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JProfiler 7: Probes, Threads and Heap Inspections

by Bienvenido David on Aug 18, 2011 |

ej-technologies GmbH has released JProfiler 7.0. JProfiler is a Java SE/EE profiling tool which features CPU profiling, memory profiling, thread profiling and VM telemetry. The new features for version 7.0 are:

  • Built-in probes for JDBC, JMS, JNDI, Servlets, files, sockets and processes.
  • Custom probes with API and direct configuration in the JProfiler GUI.
  • Request tracking in the call tree view for executors, AWT, SWT and thread start.
  • Inspections view in the heap walker.
  • Primitive value and script filters in the outgoing references view of the heap walker.
  • Action for displaying the toString() values of objects in several heap walker views.
  • Redesigned references and graph views in the heap walker.
  • History in the call tree view.
  • Analyze long-running AWT events in the call tree.
  • "Run script" trigger action with direct script entry in JProfiler.
  • Show thread group names in thread history view.
  • Total line and column filters in the monitor history view.
  • Thread creation is now recorded in attach mode.
  • The NetBeans integration now runs JProfiler standalone to support mixed 32-bit and 64-bit installations.
  • Integration wizard for WebSphere 8.

JProfiler now has built-in probes for JDBC, JMS, JNDI, Servlets, files, sockets and processes, which records and analyzes data from various subsystems. Probes have a timeline view for long-lived objects. For example, database connections are displayed in a timeline which shows when they are idle, when they running a statement, or when they are running a batch transaction. Probes also have an events view, which shows events with thread and stack trace information. For example, the JDBC probe will display events like connecting to databases or running queries. Probes also have an objects view for details and statistics, a hot spot view that shows the most expensive methods calls, and a telemetries view that graphically displays the telemetries published by the probe. These built-in probes can be configured in the JProfiler session settings.

JProfiler also supports the creation of custom probes. It offers an API for developing a custom probe and deploying it together with the profiled application. JProfiler also offers a custom probe wizard that allows you to define your custom probes within the JProfiler GUI. You specify which methods in your application you want to intercept and create "interception scripts" that are called with the help of the JProfiler code editor. Custom probes can be added or changed without the need to restart the profiled application. Note that a run script trigger has also been added in this release, which is a way to execute code when a certain method is called, and thus an alternative to simple custom probes.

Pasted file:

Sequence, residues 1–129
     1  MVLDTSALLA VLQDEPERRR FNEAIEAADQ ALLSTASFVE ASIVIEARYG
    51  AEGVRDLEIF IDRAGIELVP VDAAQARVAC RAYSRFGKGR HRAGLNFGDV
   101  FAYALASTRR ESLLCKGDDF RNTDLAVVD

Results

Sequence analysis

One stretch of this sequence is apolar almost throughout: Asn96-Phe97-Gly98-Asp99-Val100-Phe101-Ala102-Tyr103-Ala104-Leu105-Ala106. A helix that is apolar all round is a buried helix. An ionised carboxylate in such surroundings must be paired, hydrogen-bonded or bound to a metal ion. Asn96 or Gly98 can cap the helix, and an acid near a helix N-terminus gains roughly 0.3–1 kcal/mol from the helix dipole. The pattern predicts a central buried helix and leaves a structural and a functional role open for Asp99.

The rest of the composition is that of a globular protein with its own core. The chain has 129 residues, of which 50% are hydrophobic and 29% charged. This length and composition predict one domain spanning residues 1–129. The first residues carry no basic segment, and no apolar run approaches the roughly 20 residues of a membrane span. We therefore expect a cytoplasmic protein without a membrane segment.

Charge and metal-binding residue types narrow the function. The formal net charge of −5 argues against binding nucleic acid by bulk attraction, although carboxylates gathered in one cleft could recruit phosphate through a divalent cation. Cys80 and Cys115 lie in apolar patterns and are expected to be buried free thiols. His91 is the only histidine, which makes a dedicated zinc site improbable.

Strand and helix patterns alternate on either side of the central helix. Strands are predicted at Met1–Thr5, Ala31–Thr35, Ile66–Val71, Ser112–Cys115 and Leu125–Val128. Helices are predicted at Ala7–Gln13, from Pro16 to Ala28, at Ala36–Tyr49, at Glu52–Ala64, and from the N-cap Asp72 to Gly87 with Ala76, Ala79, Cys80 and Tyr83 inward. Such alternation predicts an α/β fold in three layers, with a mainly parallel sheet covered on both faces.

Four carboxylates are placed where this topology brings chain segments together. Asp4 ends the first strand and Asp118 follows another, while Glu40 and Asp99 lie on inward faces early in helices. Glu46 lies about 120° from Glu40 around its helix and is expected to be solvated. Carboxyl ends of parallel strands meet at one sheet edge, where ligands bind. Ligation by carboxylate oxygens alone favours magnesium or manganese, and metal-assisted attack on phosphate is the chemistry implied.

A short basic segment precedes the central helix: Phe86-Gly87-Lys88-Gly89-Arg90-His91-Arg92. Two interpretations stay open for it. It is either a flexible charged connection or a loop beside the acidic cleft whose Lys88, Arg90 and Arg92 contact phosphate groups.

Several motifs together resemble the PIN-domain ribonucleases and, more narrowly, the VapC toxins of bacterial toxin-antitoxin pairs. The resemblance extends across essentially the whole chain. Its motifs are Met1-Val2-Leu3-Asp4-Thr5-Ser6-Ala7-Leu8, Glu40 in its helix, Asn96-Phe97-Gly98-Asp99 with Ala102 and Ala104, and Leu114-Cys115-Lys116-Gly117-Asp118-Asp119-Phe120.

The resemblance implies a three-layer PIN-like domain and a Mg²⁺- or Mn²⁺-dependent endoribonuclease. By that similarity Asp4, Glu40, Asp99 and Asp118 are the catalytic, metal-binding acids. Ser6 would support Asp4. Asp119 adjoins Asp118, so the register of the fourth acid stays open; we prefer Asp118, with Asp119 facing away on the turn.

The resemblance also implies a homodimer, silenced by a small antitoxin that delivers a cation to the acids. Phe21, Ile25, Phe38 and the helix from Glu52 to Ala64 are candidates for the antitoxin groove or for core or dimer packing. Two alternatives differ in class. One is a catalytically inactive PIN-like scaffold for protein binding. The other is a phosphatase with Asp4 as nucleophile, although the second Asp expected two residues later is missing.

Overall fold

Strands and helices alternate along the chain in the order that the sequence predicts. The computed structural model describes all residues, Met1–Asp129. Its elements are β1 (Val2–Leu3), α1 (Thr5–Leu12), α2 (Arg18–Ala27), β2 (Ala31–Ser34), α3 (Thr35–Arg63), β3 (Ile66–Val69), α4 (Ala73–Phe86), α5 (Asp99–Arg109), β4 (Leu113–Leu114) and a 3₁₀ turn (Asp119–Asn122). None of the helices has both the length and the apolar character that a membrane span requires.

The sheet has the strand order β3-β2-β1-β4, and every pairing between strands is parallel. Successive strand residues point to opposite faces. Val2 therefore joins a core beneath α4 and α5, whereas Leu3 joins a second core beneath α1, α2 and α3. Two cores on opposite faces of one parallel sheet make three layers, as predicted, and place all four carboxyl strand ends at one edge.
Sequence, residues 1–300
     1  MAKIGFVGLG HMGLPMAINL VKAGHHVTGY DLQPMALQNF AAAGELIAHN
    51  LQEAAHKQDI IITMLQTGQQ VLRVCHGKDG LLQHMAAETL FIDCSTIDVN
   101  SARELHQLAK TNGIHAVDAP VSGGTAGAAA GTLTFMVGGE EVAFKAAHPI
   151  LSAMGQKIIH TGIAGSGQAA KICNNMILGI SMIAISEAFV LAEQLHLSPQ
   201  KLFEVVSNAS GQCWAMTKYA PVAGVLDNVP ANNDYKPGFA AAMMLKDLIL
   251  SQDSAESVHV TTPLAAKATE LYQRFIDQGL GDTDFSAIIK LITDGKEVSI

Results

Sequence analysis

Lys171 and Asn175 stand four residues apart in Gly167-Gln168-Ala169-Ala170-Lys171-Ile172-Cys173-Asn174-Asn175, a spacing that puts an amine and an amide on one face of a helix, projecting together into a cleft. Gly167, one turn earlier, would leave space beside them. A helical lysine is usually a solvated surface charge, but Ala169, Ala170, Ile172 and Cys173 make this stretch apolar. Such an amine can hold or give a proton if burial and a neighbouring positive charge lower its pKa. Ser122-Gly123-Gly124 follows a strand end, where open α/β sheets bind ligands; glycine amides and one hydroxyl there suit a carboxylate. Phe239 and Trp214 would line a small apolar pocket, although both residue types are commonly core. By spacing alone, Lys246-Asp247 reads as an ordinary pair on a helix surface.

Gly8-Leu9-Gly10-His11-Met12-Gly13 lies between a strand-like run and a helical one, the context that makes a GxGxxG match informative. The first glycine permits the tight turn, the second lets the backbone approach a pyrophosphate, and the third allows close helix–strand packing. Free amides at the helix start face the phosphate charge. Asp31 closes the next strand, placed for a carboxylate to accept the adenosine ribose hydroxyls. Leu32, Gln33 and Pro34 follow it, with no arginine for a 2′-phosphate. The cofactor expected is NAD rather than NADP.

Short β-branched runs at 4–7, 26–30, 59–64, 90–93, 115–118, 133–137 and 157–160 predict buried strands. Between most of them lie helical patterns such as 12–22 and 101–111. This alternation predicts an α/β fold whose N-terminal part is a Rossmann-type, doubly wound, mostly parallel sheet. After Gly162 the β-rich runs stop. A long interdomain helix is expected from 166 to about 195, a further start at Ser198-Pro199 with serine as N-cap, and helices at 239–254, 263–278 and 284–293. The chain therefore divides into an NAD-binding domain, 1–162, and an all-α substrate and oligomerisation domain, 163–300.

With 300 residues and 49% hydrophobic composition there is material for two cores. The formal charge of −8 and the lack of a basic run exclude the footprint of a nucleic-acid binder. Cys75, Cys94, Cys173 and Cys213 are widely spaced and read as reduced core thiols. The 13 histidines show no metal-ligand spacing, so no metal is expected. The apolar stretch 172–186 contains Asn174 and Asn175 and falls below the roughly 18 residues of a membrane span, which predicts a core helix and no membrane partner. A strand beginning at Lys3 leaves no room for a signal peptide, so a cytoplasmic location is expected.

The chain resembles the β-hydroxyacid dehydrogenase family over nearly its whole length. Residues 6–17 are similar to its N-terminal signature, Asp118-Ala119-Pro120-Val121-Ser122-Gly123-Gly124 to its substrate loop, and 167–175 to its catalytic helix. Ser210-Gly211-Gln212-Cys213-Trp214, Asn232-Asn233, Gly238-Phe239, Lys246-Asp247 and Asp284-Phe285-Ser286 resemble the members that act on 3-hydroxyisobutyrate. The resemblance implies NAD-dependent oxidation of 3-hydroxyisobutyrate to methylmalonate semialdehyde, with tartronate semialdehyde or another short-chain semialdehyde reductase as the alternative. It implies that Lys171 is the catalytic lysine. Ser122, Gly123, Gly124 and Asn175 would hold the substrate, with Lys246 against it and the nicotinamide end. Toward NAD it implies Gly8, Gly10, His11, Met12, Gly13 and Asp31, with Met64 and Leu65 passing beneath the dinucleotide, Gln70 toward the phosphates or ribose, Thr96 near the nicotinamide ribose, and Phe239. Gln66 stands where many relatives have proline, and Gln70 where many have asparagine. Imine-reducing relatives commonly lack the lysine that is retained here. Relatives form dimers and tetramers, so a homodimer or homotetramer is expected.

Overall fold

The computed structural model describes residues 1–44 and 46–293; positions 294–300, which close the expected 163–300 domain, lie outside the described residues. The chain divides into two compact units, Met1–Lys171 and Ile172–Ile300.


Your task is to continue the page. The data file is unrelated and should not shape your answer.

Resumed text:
JProfiler also introduces the concept of request tracking, which makes profiling of parallel and multi-threaded applications easier. Request tracking connects call sites with execution sites between different threads in the call tree view. For example, you can use this feature to know how much time was spent to complete an asynchronous task or find the origin of an asynchronous task. Executors, Thread starts, and AWT/SWT events can all be tracked using request tracking.

A couple of enhancements have also been made on JProfiler heap walker.

  • In the outgoing and incoming references views you now see a list of objects, and the outgoing references directly show primitive data.
  • The object graph is now a separate view which is independent of the current object set. You can add and delete objects, and remove unconnected items. You can also search for paths between selected objects.
  • In the outgoing references view, you can now apply filters. You can restrict it to a primitive value of a selected reference chain, or you can enter a filter expression during a live profiling session.
  • In the references view, you can now evaluate and show the toString() values of objects during a live profiling session.
  • A new inspections view has been added where you can run a number of inspections on the current object set. You can run inspections like find duplicate strings, duplicate primitive wrappers, duplicate arrays, sparse arrays, zero length arrays, maps with bad key distributions, weakly referenced objects, objects with many incoming references, self references, and objects using custom filter expressions.

Standard license pricing starts at US$499 per developer. A 10 day trial is also available. If you own an older copy of JProfiler with support, you can upgrade your old license key for free. If you no longer have support, you will need to purchase an upgrade.

An open source alternative to JProfiler is Java VisualVM. Some commercial alternatives include YourKit and JProbe.

For more details about the new JProfiler 7.0, visit the JProfiler what's new and changelog pages.

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